Sustainable aviation fuel (SAF) for use by general aviation jets is now available at Long Beach Airport (LGB).
“I commend Atlantic Aviation for their proactive approach in adopting sustainable alternatives and working collaboratively with their business partners,’’ said Mayor Rex Richardson. “This initiative shows Long Beach’s commitment to sustainability and our collective efforts to build a future that is not just prosperous, but also environmentally responsible. This is a significant step towards our goal of a more sustainable future for Long Beach.”
Atlantic Aviation plans to maintain a supply of SAF volumes into the market to meet all customer demand.
“Atlantic is keenly aware of general aviation’s responsibility to combat rising emissions and work towards a cleaner environment,” said Eric Newman, VP of commercial strategy & sustainability at Atlantic Aviation.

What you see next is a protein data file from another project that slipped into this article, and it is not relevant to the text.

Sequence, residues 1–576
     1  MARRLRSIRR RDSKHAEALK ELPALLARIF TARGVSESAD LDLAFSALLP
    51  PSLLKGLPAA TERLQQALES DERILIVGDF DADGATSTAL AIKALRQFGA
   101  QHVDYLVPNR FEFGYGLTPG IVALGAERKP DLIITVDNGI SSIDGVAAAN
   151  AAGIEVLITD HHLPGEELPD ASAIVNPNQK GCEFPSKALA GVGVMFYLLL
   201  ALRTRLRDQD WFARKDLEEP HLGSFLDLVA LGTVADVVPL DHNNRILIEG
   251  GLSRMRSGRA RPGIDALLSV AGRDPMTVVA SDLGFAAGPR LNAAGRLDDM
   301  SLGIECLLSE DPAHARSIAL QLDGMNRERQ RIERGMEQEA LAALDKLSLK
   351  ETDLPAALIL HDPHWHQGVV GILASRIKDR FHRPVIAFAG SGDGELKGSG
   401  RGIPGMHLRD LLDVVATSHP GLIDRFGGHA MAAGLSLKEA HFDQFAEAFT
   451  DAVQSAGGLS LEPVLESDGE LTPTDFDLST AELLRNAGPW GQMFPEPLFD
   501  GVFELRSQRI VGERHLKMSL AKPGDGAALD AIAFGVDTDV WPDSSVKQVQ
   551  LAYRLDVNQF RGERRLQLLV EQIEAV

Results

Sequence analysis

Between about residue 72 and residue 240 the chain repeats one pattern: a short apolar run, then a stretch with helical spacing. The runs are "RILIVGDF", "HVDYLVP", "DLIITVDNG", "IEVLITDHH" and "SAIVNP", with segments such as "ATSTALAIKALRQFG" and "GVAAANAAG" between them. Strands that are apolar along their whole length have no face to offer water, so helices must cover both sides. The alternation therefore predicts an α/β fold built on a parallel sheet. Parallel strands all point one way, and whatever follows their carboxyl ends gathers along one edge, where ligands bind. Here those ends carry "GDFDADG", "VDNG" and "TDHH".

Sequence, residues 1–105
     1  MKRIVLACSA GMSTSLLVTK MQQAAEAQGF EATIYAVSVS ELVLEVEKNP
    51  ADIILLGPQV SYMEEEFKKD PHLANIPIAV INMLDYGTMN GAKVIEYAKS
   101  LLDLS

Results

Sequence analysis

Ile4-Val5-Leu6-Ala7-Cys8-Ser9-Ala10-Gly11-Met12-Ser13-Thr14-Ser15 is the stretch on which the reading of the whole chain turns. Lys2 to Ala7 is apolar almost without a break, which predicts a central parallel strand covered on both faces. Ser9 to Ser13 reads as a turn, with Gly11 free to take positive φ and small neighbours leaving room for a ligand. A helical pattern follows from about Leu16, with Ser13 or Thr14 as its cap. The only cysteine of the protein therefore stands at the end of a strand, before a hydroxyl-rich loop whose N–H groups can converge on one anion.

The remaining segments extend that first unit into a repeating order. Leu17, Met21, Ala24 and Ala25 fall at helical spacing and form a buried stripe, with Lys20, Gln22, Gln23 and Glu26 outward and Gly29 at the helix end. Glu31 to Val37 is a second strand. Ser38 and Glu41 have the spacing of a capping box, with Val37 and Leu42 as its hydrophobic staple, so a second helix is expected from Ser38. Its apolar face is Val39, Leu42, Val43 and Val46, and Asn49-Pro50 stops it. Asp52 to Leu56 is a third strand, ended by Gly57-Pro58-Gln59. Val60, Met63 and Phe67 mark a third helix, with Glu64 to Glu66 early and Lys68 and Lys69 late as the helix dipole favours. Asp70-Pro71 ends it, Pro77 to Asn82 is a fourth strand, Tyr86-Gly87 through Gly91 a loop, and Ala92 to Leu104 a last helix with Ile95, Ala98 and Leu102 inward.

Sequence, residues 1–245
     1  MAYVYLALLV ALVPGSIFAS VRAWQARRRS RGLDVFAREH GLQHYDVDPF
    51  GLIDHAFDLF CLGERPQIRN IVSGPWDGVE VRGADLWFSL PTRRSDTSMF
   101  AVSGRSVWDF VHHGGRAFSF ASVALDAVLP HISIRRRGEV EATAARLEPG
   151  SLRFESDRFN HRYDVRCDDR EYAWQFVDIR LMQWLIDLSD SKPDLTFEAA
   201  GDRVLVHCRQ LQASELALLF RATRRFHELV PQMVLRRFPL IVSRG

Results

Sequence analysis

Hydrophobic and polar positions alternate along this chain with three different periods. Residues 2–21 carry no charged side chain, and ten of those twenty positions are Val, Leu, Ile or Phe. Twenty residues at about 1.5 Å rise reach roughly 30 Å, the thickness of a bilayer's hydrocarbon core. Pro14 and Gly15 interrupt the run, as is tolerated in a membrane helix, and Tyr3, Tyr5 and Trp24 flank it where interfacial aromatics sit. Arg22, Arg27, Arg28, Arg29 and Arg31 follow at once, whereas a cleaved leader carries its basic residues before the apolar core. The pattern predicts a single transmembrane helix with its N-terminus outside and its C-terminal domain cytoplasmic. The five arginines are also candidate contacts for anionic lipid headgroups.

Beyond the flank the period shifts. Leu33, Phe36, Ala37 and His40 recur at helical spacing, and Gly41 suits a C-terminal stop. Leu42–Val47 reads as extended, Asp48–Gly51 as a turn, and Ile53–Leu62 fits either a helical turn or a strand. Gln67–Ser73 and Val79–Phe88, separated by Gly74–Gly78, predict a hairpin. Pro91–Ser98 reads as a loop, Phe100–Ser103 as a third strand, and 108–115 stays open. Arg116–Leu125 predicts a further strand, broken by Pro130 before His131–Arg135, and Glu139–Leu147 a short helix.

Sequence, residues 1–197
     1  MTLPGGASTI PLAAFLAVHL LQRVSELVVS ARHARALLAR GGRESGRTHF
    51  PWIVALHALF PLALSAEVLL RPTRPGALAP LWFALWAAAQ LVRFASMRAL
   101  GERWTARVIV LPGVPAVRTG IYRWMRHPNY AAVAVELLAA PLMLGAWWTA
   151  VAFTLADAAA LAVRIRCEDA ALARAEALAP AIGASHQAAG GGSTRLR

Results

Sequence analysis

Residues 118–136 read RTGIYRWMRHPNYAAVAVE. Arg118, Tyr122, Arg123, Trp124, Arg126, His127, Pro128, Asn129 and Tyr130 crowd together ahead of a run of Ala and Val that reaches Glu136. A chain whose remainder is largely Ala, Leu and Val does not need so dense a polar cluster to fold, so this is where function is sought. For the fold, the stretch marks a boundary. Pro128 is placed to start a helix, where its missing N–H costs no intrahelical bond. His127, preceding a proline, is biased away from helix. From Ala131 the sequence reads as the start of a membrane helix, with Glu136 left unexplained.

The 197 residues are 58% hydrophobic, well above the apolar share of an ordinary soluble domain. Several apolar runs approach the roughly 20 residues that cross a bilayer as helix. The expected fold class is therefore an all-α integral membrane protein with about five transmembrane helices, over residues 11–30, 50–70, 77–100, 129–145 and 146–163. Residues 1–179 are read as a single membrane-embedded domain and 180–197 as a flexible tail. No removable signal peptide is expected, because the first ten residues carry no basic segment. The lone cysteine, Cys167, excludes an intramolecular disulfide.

“SAF is jet fuel, providing the most tangible near-term solution to make an impact on aviation emissions. Atlantic is committed to doing our part to make an impact with simple and reliable advancements across our network.”
The emissions reduction benefits of SAF are realized when the fuel is created via renewable feedstocks instead of crude oil, not when it is combusted.
Neat—or unblended—SAF provides up to an 80% reduction in lifecycle greenhouse gas emissions compared to conventional jet fuel. Large general aviation and commercial aircraft use Jet A, which does not contain lead.
“Sustainability is a priority at Long Beach Airport, and collaboration with our tenants is an essential part in delivering greener options,” said airport director Cynthia Guidry. “This is a shared journey with our business partners at LGB, and together we are ensuring a more sustainable future for us all.”
Beyond expanding its services to include SAF for purchase, Atlantic Aviation is also redeveloping its complex to include other sustainably-minded projects at LGB. The company is finalizing a 30,000-square-foot hangar with additional office space that will be topped with a 1.1-million-kilowatt solar installation expected to support all electricity needs of the facility.